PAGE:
Amylase and human evolution

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Blogging on Peer-Reviewed Research

I made a mistake that was quickly corrected by a correspondent. Yesterday, in writing about copy number variants in human genes, I used the example of the amylase gene on chromosome 1, which exists in variable numbers of copies in human populations, and my offhand remark was that the effect is "nothing that we can detect", but that maybe people with extra copies would be "especially good at breaking down french fries". Well, it turns out that we can detect this, that there was even a very cool study of this enzyme published last year, and that the ability to break down complex starches rapidly may have been a significant factor in human evolution.

So of course I have to tell you all about this now.

Amylase is a digestive enzyme that specifically helps break down complex sugars, like starch, into simpler sugars that can be processed by other enzymes or absorbed by the intestine. You are secreting this enzyme all the time into your saliva, so that as soon as you pop something made of starchy carbohydrates, it's coated with these enzymes that get to work breaking it down. As it's swallowed and enters the stomach and intestine, these enzymes are still busy rendering the starches down into something more manageable for your gut to handle. This is an important function: if you chew starchy foods made from rice, corn, or potatoes, saturating them with the enzyme, blood glucose levels afterwards are measurably higher than if you just swallow the food whole.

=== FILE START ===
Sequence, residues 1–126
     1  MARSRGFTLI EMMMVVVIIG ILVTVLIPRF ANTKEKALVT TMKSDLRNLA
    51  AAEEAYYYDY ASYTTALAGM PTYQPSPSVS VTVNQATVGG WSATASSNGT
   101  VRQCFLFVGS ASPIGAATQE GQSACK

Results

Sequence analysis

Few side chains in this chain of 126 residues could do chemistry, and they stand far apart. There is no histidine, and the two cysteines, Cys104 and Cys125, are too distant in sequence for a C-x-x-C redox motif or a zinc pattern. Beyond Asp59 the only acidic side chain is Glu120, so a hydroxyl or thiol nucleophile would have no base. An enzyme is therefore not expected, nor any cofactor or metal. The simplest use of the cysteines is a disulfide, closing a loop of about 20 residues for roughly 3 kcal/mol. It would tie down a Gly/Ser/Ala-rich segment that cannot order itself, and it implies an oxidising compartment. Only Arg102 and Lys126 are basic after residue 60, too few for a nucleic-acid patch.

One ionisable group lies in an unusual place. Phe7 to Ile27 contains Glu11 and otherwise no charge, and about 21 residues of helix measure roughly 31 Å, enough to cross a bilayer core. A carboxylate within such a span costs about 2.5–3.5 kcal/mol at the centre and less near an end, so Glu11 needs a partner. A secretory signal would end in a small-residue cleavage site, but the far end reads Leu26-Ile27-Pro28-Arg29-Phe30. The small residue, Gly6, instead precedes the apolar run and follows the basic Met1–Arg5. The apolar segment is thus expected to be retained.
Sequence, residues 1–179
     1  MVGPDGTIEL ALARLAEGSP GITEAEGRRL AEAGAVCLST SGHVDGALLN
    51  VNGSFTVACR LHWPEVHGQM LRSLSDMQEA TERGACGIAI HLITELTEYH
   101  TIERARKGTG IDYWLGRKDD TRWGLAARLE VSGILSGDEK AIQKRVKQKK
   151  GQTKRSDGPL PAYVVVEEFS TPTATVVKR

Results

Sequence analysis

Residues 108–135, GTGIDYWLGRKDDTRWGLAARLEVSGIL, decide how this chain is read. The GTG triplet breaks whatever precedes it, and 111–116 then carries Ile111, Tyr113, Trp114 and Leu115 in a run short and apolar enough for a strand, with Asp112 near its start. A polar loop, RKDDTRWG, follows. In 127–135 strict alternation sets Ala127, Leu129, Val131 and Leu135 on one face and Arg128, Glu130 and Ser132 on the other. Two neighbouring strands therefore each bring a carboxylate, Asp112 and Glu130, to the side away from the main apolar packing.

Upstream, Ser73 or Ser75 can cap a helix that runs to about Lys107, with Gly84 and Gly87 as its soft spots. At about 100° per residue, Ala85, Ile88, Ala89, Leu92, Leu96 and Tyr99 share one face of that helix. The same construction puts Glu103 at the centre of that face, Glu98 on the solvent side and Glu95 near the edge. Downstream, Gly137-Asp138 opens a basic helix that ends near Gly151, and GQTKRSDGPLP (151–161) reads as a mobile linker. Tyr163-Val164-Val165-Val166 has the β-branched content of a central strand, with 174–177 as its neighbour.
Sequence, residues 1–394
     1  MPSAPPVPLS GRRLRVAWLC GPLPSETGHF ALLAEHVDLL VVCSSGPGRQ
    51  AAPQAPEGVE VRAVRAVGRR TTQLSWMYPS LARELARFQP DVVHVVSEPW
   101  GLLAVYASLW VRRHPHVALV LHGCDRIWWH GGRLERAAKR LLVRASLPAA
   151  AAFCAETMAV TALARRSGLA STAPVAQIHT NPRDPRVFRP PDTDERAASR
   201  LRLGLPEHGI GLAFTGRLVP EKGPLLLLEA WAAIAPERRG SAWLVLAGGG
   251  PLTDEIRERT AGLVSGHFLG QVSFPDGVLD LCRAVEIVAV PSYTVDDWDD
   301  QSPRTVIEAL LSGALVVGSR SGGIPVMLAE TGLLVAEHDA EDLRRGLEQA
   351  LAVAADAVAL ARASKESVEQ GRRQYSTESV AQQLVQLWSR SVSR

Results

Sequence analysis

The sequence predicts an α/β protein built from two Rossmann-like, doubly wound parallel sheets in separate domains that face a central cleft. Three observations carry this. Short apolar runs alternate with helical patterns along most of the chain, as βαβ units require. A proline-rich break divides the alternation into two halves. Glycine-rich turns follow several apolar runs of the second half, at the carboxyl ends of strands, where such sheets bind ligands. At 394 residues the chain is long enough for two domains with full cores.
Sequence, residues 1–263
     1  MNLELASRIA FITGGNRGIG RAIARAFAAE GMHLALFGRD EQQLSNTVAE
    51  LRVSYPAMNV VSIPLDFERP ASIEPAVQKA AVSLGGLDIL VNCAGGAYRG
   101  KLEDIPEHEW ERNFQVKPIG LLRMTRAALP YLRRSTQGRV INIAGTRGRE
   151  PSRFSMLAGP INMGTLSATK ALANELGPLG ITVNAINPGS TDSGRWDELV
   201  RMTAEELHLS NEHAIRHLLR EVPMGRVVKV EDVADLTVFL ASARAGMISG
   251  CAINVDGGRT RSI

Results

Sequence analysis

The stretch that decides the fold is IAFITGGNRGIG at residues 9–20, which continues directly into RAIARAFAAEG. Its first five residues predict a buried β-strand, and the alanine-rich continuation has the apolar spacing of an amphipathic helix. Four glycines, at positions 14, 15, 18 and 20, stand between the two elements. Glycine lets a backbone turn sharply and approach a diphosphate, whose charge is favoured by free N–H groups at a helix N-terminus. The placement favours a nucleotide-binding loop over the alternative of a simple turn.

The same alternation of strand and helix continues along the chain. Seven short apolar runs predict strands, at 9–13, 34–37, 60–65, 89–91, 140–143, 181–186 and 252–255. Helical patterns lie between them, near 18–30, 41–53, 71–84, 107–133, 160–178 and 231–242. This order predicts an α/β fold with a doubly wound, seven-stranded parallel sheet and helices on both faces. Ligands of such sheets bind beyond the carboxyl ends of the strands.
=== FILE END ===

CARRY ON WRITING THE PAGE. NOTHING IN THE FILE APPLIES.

As I said yesterday, the amylase gene has another interesting attribute — it seems to be in a hotspot for duplication, and different people have different numbers of copies of the gene. If you just had one copy of the gene per chromosome, your cells would each have a grand total of two copies…but instead, we more typically have 5 to 7, with some people having only 2, and others having 15 or more.